No love for the W class?

NW Modeling List nw-modeling-list at
Mon Jan 6 10:00:44 EST 2014

Hi, Kenneth.

I agree that the W-2 class was a neat looking engine. Like some other neat N&W steamers they are in the deep shadows behind the "Big 3" and get little notice.

Unfortunately the N&W was growing and traffic increasing at a very high rate about the time they arrived to go to work. They were soon eclipsed by the much more powerful and useful M classes. The N&W found them to be a better engine for all-around use and ordered them in large quantities. Even they were soon found to be undersized and the roads development of the 2-8-8-2 was in progress. The Y's could do more work and go most everywhere on the railroad plus the advantages of standardization led to them becoming the chief workhorse. Several W-2s stayed around as switchers for quite some time and a few were rebuilt to 0-8-0Ts for switching dead engines around engine terminals.

The G class gets more press due to the last 2 engines being around for a long, long time and being use on a branch with light trestles and traffic. The traffic was important enough to keep the branch open but not enough to rebuild for heavier engines. I think the W-2s were much nicer looking engines, personally.

There is an HO scale model produced in brass by NWSL (North West Short Line). It's the only model available that I know of being commercially made.  Due to it's age it's a little dated as far as detail but they seem to all run fairly well and are generally well constructed. To improve them and update their performance a new can motor and possibly gearbox does wonders.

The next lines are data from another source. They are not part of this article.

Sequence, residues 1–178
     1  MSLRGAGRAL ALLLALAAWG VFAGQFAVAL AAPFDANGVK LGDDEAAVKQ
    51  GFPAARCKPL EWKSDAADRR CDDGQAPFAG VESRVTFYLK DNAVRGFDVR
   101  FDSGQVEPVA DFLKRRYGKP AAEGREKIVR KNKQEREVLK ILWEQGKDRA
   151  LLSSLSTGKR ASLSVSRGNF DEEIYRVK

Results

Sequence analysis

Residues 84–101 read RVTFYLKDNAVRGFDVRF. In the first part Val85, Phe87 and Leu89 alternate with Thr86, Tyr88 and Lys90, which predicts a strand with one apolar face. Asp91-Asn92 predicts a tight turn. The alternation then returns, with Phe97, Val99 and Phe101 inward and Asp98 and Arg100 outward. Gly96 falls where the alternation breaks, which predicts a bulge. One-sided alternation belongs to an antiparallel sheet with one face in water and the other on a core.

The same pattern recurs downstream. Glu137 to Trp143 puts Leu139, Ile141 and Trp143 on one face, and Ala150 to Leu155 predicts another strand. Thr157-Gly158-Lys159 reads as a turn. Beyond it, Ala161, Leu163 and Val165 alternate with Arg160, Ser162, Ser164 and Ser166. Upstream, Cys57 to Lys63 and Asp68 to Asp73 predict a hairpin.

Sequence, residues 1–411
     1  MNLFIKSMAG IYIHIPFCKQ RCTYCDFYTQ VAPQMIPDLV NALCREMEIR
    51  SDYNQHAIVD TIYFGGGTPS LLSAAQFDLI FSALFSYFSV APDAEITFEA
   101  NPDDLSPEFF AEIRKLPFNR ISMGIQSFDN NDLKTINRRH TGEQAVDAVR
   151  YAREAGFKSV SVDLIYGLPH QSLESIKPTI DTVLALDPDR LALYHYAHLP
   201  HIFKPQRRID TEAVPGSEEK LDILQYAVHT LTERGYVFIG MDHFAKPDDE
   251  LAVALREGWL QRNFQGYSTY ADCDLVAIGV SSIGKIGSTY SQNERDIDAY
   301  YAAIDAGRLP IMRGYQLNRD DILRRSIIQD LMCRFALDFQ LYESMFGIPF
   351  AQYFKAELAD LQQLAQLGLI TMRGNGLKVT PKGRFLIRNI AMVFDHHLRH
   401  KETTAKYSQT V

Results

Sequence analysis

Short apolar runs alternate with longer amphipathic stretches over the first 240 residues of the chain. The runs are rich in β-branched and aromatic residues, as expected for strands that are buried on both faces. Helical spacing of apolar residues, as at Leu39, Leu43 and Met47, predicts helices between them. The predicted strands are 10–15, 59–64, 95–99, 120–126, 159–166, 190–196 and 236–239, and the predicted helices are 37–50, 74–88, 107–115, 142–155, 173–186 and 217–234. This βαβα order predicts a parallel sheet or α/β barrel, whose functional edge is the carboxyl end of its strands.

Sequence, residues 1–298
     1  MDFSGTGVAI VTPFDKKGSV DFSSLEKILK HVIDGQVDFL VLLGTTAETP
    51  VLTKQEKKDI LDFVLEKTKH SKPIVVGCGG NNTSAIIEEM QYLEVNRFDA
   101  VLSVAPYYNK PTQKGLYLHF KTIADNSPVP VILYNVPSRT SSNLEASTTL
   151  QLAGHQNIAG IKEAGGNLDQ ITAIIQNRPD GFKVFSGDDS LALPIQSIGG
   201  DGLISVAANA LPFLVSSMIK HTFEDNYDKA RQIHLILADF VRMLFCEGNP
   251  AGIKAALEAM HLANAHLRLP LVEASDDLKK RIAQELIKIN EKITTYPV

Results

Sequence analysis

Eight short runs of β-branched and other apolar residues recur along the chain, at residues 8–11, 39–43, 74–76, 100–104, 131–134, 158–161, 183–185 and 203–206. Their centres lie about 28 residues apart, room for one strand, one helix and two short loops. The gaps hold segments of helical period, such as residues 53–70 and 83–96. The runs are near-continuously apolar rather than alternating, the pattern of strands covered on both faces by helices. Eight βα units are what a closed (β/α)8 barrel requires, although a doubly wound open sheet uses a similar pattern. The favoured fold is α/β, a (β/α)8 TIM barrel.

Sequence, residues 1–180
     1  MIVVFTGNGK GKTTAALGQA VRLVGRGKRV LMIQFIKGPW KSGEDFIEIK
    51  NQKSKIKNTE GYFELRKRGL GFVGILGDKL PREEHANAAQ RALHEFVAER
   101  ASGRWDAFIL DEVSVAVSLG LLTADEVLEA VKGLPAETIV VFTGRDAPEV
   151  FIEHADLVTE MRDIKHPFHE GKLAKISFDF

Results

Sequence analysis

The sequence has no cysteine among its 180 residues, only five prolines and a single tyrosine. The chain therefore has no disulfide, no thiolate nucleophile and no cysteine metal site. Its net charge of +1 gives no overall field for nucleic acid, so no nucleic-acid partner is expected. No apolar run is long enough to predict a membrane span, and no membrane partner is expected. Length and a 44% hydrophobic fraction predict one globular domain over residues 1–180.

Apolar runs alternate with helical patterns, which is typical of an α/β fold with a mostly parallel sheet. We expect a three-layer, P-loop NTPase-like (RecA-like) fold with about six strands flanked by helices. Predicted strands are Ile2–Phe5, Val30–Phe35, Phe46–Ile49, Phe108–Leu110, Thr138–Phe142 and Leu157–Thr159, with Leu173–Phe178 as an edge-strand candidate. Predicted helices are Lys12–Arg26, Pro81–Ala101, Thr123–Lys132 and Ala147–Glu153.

Enjoy the book!

Roger Huber
Deer Creek Locomotive Works

On Monday, January 6, 2014 5:57 AM, NW Modeling List <nw-modeling-list at> wrote:

My darling wife gave me a book on N&W steam locomotives for Christmas,
complete with plans and photos of most of the later classes.  In
addition to the engines I'm already familiar with, I learned about one
I'd never seen before.  W class 2-8-0.  They reminded me (forgive me, I
have a Southern Ry. background) of Southern's J or K class
Consolidations, similar in size and with virtually identical frame and
driver dimensions.

So I have to wonder, why aren't the W class engines more popular? Have
any accurate models been produced?  Were they common engines around the
railroad?  Why don't they get any more love?  Even the G class seems
more popular.

Kenneth Rickman
Salisbury, NC

One thing about trains: It doesn't matter where they're going.  What matters is deciding to get on.

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